The Residency Training Program places balanced emphasis on both inpatient and ambulatory medicine. The various clinical settings from the primary care practices to the intensive care unit offer a diverse population with patients who come from all economic, social, and ethnic backgrounds. In addition to the clinical opportunities, our program offers an academic setting within a major research department with strengths in all medical subspecialties as well as in general medicine. We encourage trainees to build their clinical expertise and confidence by providing them with a safe environment in which to exercise independent, clinical decision-making. The curriculum promotes the scientific method and teaches residents to think critically about disease, diagnosis, and treatment. The program includes:
- Balance between inpatient and outpatient training
- 800+ bed hospital with over 30 ICU beds
- Patients from around the world
- Breadth of common diseases as well as esoteric, tropical, and rare diagnoses
- Electronic Health Record with physician order entry
- Oncology Inpatient Units at Memorial Sloan Kettering Cancer Center
- Rheumatology Service at Hospital for Special Surgery
- Three different continuity clinic practice sites
- Research Opportunities and Scientific Inquiry Curriculum
- Global Health Rotations: Bugando, Tanzania and Gheskio, Haiti
- Rural Health Rotation in Cayuga County, upstate New York
On average, interns spend 6 months on inpatient ward medicine including half of this on the general medicine services and half on specialty services including cardiology and oncology. One additional month is spent in the Medical ICU. In addition, each intern rounds on the Diabetes Inpatient Management Service to learn the critical skill of managing blood sugars in hospitalized patients. Intern Morning Reports is once weekly as a case conference with master clinicians as discussants. Finally, during the two-week outpatient assignments, residents learn longitudinal care for a panel of patients and are provided educational workshops on evidence-based medicine, palliative care, health care economics and insurance, addiction medicine, motivational interviewing, and research methods. The two intern retreats provide team building, simulation of codes, and an introduction to teaching others.
Junior Assistant Residents (PGY2s) hone their clinical judgment by spending up to 4 months managing critically ill patients in the Medical ICU, Cardiac Care Unit, Emergency Department, and performing Critical Care consultations for the sickest patients in the hospital. Junior residents also learn to lead a team on the inpatient wards and develop their teaching skills. In addition to their elective time, residents spend 12-weeks in their outpatient practices and participate in a longitudinal quality and practice improvement curriculum. They also participate in a musculoskeletal workshop as part of their rotation through rheumatology at the Hospital for Special Surgery. The annual JAR retreat every spring includes leadership training as preparation for their role as senior residents.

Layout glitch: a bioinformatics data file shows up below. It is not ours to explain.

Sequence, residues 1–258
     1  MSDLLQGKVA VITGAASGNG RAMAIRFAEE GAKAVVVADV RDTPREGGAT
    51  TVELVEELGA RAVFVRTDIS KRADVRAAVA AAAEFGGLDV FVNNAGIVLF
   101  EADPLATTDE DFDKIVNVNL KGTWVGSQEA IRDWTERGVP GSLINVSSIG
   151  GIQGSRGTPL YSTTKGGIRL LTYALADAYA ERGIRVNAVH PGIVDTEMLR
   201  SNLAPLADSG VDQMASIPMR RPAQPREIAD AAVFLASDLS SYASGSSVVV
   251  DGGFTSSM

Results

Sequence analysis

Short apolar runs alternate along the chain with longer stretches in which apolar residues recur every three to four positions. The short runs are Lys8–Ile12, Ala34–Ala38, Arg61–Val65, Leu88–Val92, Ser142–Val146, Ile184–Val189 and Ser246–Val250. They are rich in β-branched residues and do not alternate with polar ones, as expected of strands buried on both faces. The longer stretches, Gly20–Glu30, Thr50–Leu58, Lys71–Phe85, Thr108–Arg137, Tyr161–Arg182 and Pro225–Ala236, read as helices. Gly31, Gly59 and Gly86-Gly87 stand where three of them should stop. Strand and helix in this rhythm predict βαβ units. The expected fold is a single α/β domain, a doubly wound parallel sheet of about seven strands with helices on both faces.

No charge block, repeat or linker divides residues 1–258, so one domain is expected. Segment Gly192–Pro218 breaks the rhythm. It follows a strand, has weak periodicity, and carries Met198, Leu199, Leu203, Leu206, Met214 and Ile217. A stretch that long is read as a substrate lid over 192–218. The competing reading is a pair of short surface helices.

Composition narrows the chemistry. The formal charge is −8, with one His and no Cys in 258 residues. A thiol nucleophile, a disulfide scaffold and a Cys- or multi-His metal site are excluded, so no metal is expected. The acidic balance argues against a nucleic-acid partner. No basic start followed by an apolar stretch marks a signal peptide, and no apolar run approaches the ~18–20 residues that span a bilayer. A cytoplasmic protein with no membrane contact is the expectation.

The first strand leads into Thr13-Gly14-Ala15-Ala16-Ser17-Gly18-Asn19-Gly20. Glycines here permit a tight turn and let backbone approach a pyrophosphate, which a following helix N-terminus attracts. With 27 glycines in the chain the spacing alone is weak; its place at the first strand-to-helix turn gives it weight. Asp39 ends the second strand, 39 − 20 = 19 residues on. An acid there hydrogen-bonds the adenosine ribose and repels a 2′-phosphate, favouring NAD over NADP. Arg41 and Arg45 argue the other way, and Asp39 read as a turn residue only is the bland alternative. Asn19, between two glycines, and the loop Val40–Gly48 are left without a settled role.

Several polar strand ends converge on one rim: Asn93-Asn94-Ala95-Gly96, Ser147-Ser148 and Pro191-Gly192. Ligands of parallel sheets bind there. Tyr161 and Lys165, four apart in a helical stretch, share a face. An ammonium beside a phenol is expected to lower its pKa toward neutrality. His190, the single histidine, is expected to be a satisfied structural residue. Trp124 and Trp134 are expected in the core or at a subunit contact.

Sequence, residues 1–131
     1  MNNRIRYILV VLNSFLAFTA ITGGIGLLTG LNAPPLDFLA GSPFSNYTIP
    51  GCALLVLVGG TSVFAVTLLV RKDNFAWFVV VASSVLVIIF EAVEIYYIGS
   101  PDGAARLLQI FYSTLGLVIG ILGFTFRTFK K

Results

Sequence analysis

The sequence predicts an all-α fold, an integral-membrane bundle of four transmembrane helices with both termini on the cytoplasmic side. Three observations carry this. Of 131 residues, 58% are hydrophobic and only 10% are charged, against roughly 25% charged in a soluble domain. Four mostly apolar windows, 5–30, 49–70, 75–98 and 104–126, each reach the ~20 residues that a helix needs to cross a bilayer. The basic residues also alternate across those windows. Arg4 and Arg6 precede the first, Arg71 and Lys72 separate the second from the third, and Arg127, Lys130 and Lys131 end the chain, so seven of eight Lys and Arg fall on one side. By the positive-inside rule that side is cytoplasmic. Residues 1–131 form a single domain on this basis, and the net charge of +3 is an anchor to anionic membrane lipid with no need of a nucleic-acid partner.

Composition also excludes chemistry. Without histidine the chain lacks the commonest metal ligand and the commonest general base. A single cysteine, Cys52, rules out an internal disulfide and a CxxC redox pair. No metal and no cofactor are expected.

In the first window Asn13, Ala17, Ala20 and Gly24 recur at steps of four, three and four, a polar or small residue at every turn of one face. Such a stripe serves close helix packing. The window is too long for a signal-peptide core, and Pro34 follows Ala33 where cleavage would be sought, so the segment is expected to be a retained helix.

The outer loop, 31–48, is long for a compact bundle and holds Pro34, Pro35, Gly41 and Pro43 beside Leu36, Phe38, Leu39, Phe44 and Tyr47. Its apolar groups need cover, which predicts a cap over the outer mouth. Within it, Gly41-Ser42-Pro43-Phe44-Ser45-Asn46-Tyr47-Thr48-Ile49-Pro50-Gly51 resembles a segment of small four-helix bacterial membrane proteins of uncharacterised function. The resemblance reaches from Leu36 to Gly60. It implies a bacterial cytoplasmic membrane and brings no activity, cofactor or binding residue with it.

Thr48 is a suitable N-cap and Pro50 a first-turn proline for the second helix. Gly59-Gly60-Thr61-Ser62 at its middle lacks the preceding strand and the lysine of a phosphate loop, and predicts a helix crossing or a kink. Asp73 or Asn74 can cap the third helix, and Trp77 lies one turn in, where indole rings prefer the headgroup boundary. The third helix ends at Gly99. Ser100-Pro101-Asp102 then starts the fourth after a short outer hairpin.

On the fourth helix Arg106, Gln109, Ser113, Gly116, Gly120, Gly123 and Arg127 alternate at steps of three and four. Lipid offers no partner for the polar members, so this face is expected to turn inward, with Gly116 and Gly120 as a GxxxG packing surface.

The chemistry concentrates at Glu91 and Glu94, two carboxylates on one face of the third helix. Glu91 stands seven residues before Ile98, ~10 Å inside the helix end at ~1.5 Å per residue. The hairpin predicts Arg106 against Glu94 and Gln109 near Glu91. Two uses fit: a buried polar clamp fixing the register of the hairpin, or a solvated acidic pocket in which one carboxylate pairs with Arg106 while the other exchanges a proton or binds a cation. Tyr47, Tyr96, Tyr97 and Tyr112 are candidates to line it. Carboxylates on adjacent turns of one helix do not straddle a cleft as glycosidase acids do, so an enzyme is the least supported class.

Our senior residents round out their training with additional rotations on the inpatient units, critical care triage, night float, and the emergency room. In addition, each PGY3 spends time on our general medicine consult service learning about preoperative medicine and co-management of surgical patients. Unique electives for senior residents include a rotation in Weill Bugando, Tanzania, the Teaching Elective, and a Patient Safety Elective.
The clinical training is augmented with dedicated academic time developed explicitly for each year of training. These weekly 90-minute sessions are interactive case-based discussions where teams of residents work together using iPads and the medical literature to find best practice evidence for clinical care. In addition to academic time, the Core Conference Schedule provides morning report, journal club, patient safety conference, a collaborative Radiology-Pathology Clinical conference (RPC), and the favorite Chairman's Conference.
The graduates of the program go on to become highly successful clinical educators, physician-scientists, academic-clinicians, and leaders in academic medicine.